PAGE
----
Tell me how you guys are doing. Sure. So just the backup half a step when you're talking about, this industry not having, hugely bloated marketing budgets and, not renting a, helicopters or buying Superbowl ads, This is a very practical segment, The building industry as a whole. and for me, They've got an undiscovered story that's supported by research and common sense. And even when we all learned about photosynthesis in sixth grade or whenever that was right, all of this adds up to a very simple. Climate positive, sustainability story that no other category can tell.
And it starts way back when the, at the forties or the fifties, when the big lumber companies, when they were harvesting trees for lumber, siding and flooring, half of that wood fiber was still left on the forest. And they decided, God, what can we turn this into? And, plywood, particle board, MDF, other composite wood materials, and [00:10:00] suddenly we're using over 99% of the tree.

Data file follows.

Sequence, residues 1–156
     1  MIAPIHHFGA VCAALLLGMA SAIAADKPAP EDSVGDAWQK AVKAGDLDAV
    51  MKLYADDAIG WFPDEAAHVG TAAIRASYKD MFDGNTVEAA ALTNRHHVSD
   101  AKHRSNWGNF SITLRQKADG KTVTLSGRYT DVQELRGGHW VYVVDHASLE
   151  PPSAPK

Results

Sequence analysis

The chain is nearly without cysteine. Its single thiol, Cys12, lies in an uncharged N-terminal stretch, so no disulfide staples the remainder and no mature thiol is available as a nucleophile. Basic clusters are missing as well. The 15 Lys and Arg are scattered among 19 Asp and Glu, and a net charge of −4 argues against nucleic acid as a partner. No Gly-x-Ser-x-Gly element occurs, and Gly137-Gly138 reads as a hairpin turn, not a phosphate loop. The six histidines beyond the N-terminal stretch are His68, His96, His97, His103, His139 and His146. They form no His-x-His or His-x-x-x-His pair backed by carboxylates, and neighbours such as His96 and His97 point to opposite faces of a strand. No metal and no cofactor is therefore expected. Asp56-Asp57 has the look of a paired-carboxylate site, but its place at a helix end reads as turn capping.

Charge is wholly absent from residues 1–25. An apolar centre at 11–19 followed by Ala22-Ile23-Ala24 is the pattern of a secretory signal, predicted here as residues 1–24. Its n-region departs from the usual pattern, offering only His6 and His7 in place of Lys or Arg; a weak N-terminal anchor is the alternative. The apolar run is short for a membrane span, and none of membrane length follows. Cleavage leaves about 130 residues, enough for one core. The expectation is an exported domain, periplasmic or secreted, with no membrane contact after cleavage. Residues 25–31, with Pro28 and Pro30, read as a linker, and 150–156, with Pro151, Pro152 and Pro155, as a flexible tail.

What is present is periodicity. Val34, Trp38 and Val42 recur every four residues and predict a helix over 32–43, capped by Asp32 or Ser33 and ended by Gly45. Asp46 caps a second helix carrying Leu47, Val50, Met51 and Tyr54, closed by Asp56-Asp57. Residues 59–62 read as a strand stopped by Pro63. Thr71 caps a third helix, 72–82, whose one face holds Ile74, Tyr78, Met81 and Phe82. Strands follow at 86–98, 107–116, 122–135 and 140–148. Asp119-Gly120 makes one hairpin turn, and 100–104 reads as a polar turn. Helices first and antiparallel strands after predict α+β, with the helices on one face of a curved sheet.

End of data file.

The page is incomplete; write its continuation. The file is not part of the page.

And what I love about this industry is, they did not do this in 1950 so that they would have the category's best sustainability story in 2022. They did it because they're practical, right? They're cheap. These are managed resources, right? This is their, their, the raw material. They got to keep that healthy.
They got to use as much as they can. They got to keep their plants running. So it's all very, I want to say, sort of industrial practice. but along the way, suddenly they are, they own the only building material that has such a climate positive story. There is no other concrete glass steel, et cetera.
Nobody else saw requests actually sequesters, carbon. if you think about it, half the chemical makeup of a tree is captured carbon. So you can go up to a homeowner or to a building developer and say, Hey, why don't you build your next kitchen out of 50% captured? oh, by the way, you're already doing it.
So helping them tell that story though, even if, it's not [00:11:00] nobody's using particle board or MDF and we're going to try and take over in the market. It's already being used. They just need to tell a better story, to get some value out of those materials. do a better job of telling the value story of, when they add an engineered decorative surface, like a laminate.